If you invest in one of these cameras, you’ll also want to invest in a neck strap. They’re significantly bigger than a pocket camera, but that extra room is used for things like an optical viewfinder, dedicated knobs and buttons for ISO and exposure compensation, and sizeable hand grips. These cameras feel like cameras.

The most-expensive camera is the Canon PowerShot G1 X ($800), which is also the biggest camera with the largest sensor in this roundup; its 1.5-inch CMOS sensor is only a bit smaller than the APS-C size sensor found in many DSLRs. Its range of features includes a hot shoe, a tilt-and-swivel LCD, an optical viewfinder, a built-in ND filter, and compatibility with Canon’s Speedlite flashes.

The Canon PowerShot G12 ($500) and Nikon Coolpix P7100 ($500) are similar-looking cameras, but they’re both a bit smaller and much cheaper than the PowerShot G1 X. The main reason for the price difference is the smaller sensors found in these two cameras; they’re also the only CCD-sensored cameras in the current field of premium cameras, with 10-megapixel, 1/1.7-inch imagers.

Despite the sensor-size differences, the PowerShot G1 X, PowerShot G12, and Coolpix P7100 are practically triplets when it comes to features and controls. They all have adjustable LCDs, ND filters, hot shoes, and maximum apertures of a relatively narrow F2.8. However, there are some key differences in terms of zoom range and video capture. The Coolpix P7100 has the farthest-reaching optics in this roundup, with a 7.1X-optical-zoom lens (28mm to 200mm), while the PowerShot G12 has a 5X zoom lens (28mm to 140mm) and the PowerShot G1 X has a 4X zoom lens (28mm to 112mm). Because the PowerShot G12 and Coolpix P7100 use CCD sensors, their video-capture abilities are a bit limited, as well: the G12 and P7100 capture 720p video at 24fps, while the G1 X captures 1080p video at 24fps. Only the Nikon Coolpix P7100 has an external microphone jack, however.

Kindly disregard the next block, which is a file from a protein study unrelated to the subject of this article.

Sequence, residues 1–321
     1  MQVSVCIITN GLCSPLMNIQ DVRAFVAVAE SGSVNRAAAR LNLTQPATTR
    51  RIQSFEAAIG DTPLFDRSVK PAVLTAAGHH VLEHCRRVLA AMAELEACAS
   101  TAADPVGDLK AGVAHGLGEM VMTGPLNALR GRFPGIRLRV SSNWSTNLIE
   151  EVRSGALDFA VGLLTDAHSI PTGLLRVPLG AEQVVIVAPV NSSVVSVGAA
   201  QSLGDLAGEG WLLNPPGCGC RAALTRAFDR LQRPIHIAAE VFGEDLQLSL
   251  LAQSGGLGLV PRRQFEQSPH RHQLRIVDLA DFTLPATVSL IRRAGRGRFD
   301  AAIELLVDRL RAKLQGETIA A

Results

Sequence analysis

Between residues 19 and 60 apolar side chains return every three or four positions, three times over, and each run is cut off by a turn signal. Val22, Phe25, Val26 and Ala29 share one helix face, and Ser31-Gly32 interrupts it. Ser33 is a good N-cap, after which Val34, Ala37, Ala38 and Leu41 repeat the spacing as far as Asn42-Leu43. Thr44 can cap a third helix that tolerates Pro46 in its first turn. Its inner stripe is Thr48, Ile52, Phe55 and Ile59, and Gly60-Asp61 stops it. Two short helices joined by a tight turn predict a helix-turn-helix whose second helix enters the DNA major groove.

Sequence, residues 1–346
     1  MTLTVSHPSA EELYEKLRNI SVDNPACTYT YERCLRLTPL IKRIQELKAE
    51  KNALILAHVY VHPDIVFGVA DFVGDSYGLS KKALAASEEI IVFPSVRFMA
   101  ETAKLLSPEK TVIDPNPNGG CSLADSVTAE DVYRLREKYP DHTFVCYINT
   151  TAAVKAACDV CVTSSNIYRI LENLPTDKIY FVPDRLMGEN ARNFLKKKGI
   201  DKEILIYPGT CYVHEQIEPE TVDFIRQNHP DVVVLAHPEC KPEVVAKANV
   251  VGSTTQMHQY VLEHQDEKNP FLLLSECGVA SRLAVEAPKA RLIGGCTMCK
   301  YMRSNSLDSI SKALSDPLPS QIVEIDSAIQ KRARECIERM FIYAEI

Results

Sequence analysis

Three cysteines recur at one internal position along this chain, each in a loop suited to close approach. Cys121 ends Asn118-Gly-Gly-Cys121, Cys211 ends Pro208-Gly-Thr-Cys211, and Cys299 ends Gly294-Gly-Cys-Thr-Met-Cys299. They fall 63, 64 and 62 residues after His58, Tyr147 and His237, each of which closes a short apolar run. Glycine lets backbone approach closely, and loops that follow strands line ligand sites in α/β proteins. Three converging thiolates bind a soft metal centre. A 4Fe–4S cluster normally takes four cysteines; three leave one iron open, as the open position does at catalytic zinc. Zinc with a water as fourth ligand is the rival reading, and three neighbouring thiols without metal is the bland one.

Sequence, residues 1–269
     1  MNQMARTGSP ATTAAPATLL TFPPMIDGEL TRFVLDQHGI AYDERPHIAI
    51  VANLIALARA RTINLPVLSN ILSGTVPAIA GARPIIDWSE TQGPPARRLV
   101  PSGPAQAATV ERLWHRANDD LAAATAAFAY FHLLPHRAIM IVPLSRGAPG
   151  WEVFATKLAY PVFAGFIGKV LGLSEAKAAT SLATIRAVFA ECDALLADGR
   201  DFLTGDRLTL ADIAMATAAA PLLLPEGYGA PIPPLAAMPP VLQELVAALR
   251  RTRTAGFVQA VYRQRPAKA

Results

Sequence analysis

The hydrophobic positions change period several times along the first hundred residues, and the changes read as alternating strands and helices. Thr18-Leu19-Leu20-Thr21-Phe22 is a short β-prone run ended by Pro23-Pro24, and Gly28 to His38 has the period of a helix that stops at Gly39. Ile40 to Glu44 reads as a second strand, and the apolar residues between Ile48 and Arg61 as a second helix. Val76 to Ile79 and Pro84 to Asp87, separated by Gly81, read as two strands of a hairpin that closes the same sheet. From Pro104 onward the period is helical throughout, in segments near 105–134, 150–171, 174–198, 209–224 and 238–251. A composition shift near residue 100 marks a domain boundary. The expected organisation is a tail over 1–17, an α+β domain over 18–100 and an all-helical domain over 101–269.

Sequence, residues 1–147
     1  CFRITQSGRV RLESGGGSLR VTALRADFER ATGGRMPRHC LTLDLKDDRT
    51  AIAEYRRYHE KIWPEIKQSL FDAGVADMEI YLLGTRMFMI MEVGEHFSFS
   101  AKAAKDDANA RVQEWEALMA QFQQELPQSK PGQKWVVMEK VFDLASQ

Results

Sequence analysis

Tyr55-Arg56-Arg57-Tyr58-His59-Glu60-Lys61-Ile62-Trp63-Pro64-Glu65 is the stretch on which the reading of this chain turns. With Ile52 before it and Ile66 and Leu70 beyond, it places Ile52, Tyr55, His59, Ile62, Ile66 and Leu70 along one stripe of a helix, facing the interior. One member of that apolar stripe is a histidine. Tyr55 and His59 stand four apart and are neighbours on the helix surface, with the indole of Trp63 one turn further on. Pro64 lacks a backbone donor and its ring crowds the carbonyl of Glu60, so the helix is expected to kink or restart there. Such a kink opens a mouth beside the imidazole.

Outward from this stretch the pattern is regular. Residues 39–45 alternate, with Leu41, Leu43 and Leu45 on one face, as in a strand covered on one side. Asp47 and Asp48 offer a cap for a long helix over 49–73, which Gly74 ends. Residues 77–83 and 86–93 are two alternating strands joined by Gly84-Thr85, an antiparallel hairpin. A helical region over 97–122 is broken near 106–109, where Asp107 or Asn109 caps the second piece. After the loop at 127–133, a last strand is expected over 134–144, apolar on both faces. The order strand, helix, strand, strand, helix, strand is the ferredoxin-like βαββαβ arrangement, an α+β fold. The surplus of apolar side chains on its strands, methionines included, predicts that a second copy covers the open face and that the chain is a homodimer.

Fujifilm X10

If you’re looking for a camera with a brighter lens, your pick in this size range should be the Fujifilm X10 ($600), which also has one of the bigger sensors in the fixed-lens realm (a 2/3-inch-type CMOS sensor). This is a retro-looking camera with skills to back up its photogenic looks, thanks to an F2.0 lens (4X; 28mm to 112mm), an optical viewfinder, a hot shoe, and 1080p video recording at 30fps. It doesn’t have an adjustable LCD screen like the other cameras in this category, however.

Price (lowest to highest)
Nikon Coolpix P310 $330
Canon PowerShot S100 $430
(tie) Samsung EX2F $500
(tie) Panasonic Lumix DMC-LX7 $500
(tie) Canon PowerShot G12 $500
(tie) Nikon Coolpix P7100 $500
Fujifilm X10 $600
Sony Cyber-shot RX100 $650
Canon PowerShot G1 X $800

Buying advice: The more you pay, the bigger sensor you’ll get. The $800 Canon PowerShot G1 X will give you an imager nearly the size of the one you’d find in a DSLR. If you’re looking for a combination of a big sensor and a fast lens, the F2.0 Fujifilm X10 is the best fit in this category. The Canon PowerShot G12 and Nikon Coolpix P7100 are basically twins, and although they have smaller sensors, they’re still excellent cameras that scored well in PCWorld Labs’ image tests. Their CCD sensors capture good-looking photos, but they’re probably not the best options for those who want to shoot a lot of high-definition video.


Subscribe to the Best of PCWorld Newsletter